There’s something strange about Umihara Kawase Fresh! It’s not the fish with human legs; it’s not the tadpole that lays frogs. It’s not even the pork pizza you serve to a pig. What’s strange is that it can’t seem to decide how difficult it is.
Assuming you are not familiar with the Umihara Kawase series, the opening of the game will make you let your guard down. It’s pre-schooler fare: cartoon animals all being friendly to one another in their little town. Protagonist Kawase Umihara rocks up and joins in on all the friendliness. She’s a travelling sushi chef and she’s seeking room and board in exchange for work at a restaurant. Not chef work, mind you: deliveries.
This sets up the game’s structure. The 'town' is just one enormous platforming level made of the usual platform shapes with a very sparse scatter of houses and NPCs for you to deliver things to. The delivery errands make for nicely separated missions, all tied together by your restaurant job, and the missions are on a big list where you can pick them off in order, or jump ahead a few as you complete some and open up more.
On every mission, you’re guided by arrows so you’ll never be lost and, although there are secrets to find, you’re never required to explore. That’s even true of quests where you’re asked to go and find, say, five sexy-legged fish. You’ll literally be pointed straight to the five nearest fish.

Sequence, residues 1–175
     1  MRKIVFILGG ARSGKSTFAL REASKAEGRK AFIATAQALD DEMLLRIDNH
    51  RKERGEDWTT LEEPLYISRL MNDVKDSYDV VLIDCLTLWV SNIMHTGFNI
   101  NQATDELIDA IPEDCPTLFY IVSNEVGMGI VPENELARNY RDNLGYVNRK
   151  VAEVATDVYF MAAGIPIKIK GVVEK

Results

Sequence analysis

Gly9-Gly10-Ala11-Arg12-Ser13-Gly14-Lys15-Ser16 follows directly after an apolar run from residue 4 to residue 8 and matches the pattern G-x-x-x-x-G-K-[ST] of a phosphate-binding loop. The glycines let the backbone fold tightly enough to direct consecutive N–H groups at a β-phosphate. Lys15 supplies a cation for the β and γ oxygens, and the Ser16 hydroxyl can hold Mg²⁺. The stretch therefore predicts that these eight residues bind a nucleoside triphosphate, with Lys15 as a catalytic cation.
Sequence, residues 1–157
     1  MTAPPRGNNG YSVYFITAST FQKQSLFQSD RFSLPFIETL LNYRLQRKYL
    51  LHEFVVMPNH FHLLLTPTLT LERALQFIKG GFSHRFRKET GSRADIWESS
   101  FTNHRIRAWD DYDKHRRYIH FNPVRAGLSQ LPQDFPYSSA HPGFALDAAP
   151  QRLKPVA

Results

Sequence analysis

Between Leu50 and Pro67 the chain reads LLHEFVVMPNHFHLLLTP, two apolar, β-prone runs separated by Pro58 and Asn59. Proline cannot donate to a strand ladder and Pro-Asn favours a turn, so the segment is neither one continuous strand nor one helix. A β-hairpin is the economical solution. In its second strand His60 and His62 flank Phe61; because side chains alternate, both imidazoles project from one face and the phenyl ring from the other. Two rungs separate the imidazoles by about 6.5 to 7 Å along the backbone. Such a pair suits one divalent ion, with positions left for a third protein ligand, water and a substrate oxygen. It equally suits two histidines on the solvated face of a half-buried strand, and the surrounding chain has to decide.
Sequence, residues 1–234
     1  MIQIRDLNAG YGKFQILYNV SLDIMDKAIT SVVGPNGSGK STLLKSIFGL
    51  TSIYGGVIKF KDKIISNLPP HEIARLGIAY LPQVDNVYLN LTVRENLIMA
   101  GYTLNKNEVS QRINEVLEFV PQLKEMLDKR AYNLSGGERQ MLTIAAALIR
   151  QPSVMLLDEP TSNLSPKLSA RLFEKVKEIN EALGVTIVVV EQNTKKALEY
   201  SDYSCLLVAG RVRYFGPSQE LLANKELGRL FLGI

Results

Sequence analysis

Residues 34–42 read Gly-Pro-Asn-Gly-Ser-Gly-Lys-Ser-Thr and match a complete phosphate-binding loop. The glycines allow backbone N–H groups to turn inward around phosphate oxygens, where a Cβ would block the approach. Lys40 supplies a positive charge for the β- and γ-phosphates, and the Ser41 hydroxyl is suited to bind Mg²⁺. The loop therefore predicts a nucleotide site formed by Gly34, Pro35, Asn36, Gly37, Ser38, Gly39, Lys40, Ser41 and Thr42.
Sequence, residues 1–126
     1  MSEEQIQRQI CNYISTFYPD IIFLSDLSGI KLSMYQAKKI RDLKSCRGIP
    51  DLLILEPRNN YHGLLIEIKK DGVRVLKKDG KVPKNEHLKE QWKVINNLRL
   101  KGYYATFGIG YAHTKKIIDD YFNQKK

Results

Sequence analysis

So far, this sounds like a simple game for tiny children, right? It certainly seems like that at the beginning when you receive almost absurdly thorough tutorials. These start with how to move and how to jump. Umihara Kawase Fresh! takes a screen to tell you which button is jump, then asks you to give it a go, then returns to the tutorial screens. It treats the player as if they’ve never played a platform game.
The over-explaining doesn’t really let up, either. After a good dozen or so missions – in which you have, every single time, followed the onscreen arrows then pressed X on the giant pulsing X that they lead to – you get a special tutorial all about an elevator. “About elevators,” it begins, showing part of the level with an elevator door on it labelled 'Elevator' in large letters beside an enormous X button. What are we to do? We follow the arrows, like every other time, to this big X button: fine so far. But until now we would always just press X – whether the big X is by a house, a tent, a pig or a bag – but what on Earth do we do when it’s by an elevator?! The tutorial continues: “Press X to use the elevator.” Phew.
It’s important to understand just how elementary the game is in these regards because all this 'my-first-platformer' dressing is hung on a movement mechanic that is subtle, complex, full of possibilities, thrilling, liberating – and infuriatingly hard to master. We’re talking red-faced, white-knuckle fury when you fail – but loving, open oneness with the universe when you succeed. To put it another way, this is definitely an Umihara Kawase game.
Kawase runs and jumps while carrying a fishing rod. She can cast her lure to grab onto enemies and platforms, then reel things in or swing around. The line is elastic and by lengthening and shortening it and building momentum in a swing, you can fling Kawase around the level in all sorts of emergent ways – then Spider-Man the next thing and keep on flying. When you pull it off, this is incredibly satisfying. However, it’s tough. The physics are far from intuitive – when hanging you press up to go down and down to go up – but they are consistent and can be learnt, so the game feels fair. It’s hard, but not impossible.